Organization Ideas for Instructional Coaches

Part I: Tap into Technology

One of the biggest (among many) challenges for me in this new role has been creating an organization system. When in the classroom, I knew what I needed, where it needed to be, and how to set it up, but as a coach, I’m often on the go and I don’t yet really know what I might need. So, needless to say, it’s been quite a process trying to get organized.

If you’re new here, you may not know that this is my first year as a full-time instructional coach. While I learned a lot as a part-timer last year, this year is the real deal and I’ve found I’ve had to get organized really quickly in order to survive. 

As the new year approached, I read, watched, and listened to everything I could from the instructional coaching online world. From that and my personal experiences, I’ve been able to put together a system that is working pretty well for me, so I thought I’d share it with you.

To avoid a ridiculously long post, I’ve divided it into two parts: Part I will deal with using technology to get organized and Part II will be all the other systems I’ve put in place. 

Tap into Technology to get Organized

Last year when I was a part-time instructional coach and teacher, I learned a lot about organization, and this year I’ve been able to better discover what works for me in this full-time role. I have found a few different tools to be exceptionally helpful. 

I was going to write about each of these, but I realized I could better explain how I use some of them with a screencast video. So below you will find some written explanations and some video explanations (ugh, please excuse my nasal voice and the tinny background typing sounds). 

The Tools:

Google Chrome

Nothing new here, but I’m still surprised by the number of people who have not harnessed the power of Google Chrome. It was my lifesaver as a teacher, especially when I had to float between rooms, and it’s just as handy now. When I log into my computer and open a Chrome window, four tabs automatically open: Gmail, Calendar, Trello, and a specific Google Doc. This small step saves me a little time in the morning. I don’t need to think about what I need, and I can get to work immediately.

Google Calendar

Quite honestly, I’m not sure how people function without an electronic calendar (although I know tons of people who do). The first thing I do when I get situated in the morning is check my calendar to see what meetings I have. I have my calendar color-coded (and the coding lines up with my other tools: Gmail, a Google Form where I log my work, etc.). 

As a coach, I’m rarely sitting still in one place for long, so when I’m on the move, I need to be able to access my calendar easily. When a teacher stops me in the hall to ask for help, I need to be able to tell them when I can help and my memory is not strong enough to rely on! 


I use Trello for my to-do list and resource gathering. It is a nifty little site/app that will be more meaningful if you see it. πŸ™‚


Gmail is kind of a cop-out tool to list here because we have to use it, right? (sorry if you use Outlook. We don’t as of about six years ago, so I’m out of touch with that one!).  Let me tell you a few helpful features that I love about Gmail.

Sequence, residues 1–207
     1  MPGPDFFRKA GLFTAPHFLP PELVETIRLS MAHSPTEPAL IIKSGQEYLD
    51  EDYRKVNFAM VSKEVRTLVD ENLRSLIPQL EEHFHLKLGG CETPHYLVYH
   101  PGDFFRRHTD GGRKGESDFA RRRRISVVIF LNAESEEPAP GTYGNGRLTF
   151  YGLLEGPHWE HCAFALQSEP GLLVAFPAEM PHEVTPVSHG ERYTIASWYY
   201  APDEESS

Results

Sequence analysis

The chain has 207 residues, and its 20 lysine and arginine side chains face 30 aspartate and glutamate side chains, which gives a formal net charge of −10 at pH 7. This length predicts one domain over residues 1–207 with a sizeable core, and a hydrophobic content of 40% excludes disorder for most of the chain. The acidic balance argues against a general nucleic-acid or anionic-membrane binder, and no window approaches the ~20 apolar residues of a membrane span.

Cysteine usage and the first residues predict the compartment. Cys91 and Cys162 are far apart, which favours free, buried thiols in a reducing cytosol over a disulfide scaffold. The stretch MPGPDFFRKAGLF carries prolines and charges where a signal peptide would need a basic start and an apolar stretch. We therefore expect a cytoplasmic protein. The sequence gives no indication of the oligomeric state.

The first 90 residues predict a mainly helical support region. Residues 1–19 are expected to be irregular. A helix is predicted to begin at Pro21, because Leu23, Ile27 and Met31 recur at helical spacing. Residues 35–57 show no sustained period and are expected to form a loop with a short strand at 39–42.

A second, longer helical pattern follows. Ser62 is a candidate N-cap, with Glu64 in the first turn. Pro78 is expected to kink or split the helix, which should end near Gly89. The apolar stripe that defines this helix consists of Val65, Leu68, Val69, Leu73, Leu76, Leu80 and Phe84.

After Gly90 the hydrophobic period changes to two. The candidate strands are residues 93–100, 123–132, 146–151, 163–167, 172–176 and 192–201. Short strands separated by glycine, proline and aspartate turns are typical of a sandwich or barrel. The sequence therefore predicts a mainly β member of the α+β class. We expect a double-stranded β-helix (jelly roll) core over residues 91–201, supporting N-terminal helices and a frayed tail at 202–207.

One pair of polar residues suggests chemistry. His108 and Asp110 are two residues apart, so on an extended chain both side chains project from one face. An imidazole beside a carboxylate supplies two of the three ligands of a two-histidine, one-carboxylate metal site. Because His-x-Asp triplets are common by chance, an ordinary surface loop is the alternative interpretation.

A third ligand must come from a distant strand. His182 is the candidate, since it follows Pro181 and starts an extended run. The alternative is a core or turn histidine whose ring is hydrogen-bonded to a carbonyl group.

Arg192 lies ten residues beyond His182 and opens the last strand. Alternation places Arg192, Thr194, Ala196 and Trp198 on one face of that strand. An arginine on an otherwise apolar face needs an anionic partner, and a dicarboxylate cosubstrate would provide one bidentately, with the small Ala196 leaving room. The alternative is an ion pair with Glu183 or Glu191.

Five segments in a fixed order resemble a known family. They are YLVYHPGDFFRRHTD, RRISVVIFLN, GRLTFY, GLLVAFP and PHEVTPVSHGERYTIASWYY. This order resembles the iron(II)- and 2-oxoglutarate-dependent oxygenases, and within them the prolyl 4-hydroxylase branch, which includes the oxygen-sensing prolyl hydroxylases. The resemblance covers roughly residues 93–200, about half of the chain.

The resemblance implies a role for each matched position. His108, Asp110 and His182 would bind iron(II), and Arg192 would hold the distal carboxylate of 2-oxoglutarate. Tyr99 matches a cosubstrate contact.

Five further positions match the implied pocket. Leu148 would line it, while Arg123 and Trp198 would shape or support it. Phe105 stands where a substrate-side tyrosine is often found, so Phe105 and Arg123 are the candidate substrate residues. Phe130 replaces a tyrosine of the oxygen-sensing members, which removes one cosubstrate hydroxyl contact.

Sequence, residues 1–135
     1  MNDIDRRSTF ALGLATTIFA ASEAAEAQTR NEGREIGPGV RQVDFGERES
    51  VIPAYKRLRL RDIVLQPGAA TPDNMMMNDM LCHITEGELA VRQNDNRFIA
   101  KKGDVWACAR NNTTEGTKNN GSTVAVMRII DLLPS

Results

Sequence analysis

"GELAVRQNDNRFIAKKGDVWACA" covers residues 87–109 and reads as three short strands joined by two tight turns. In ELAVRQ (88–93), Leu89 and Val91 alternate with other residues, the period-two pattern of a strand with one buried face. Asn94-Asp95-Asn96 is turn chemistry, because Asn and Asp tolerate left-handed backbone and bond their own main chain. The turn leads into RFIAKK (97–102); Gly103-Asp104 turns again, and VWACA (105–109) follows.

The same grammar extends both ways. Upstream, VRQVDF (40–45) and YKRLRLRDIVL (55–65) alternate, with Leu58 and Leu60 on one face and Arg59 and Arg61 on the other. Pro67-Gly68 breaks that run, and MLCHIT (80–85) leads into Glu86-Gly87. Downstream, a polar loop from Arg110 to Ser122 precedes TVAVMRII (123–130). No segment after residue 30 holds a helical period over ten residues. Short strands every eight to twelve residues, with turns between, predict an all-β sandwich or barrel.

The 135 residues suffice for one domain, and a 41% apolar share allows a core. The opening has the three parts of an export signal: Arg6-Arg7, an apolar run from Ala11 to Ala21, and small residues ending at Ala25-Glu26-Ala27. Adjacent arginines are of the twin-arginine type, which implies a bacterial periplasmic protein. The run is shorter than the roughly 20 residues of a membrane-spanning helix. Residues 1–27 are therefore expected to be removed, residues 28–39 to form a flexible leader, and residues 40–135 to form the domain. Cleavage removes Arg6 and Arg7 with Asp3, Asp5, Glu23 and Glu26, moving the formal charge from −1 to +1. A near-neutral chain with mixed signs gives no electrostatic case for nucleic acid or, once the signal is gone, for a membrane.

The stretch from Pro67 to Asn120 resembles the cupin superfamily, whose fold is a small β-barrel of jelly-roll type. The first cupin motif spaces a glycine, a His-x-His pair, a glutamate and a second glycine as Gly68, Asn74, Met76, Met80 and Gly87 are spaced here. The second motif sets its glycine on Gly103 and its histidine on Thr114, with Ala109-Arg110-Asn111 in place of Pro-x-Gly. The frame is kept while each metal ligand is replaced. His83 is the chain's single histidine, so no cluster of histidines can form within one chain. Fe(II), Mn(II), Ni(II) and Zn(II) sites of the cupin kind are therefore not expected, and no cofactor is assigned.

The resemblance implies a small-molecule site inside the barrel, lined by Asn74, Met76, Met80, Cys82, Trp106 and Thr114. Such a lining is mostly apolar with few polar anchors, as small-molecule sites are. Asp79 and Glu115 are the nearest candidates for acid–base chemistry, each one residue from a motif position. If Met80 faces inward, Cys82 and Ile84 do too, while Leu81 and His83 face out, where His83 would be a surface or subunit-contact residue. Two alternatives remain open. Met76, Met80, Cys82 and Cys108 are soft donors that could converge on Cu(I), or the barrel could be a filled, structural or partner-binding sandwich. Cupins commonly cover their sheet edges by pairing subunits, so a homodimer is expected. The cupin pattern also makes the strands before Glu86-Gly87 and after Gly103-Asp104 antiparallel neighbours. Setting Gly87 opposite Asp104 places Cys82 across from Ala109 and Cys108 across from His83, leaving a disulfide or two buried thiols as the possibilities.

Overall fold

• Separating Unread and Everything Else- I love to have my unread emails separate from the rest. That way I can see exactly what’s going on. I usually mark emails as unread if I need to get to them that day. 
  • The Snooze feature- Sometimes I have emails I need to address but just not yet. That’s where snooze comes in. I click it and hold the email (out of my inbox) until a chosen date. It’s easy and convenient. 
  • Archive- Don’t use the delete button! Use the archive feature! This way EVERYTHING is saved forever, but you don’t have to look at it. You can always search for any missing emails.
  • Labels- I call them folders but Gmail calls them labels (whatever). Each year I make a new label called the school year, so this year it’s 18/19. Under that label, I have a lot of sub-labels. For example, I have some called technology, admin, testing, IC (which has a bunch of sub-sub labels: district-wide, school-wide, PD, teacher convos, etc). Additionally, I color code my labels to match up with my Calendar. So instructional coaching appointments AND emails are color coded bright orange. You get the idea. Below you can see a screenshot of my labels. As soon as I read an email, if it isn’t a “to-do” item, it goes directly in a folder.

You know how annoying it is to schedule meetings via email? Back and forth, back and forth. Ugh. Well, makes that problem go away! 

I’ll stop there for now…

Okay, I think I’ve shared enough for today. I don’t want to overwhelm you! I have a few other features I will definitely share in the future, but for now this should help you get started with your organization system.

I would absolutely love to hear what you do to stay organized. What tools, tips, and tricks have you discovered on your coaching journey that help you stay sane?

What I’m Reading

If you’re looking for some great book recommendations, check out the list on my “books” page. I only recommend books I truly think are worth it! πŸ™‚

2 thoughts on “Organization Ideas for Instructional Coaches

  1. This is awesome! I am currently as a part time instructional coach too for Special Ed and case managing my caseload at my school site until the end of the year! I will begin full time 2019-2020! these tools are going to come in handy!


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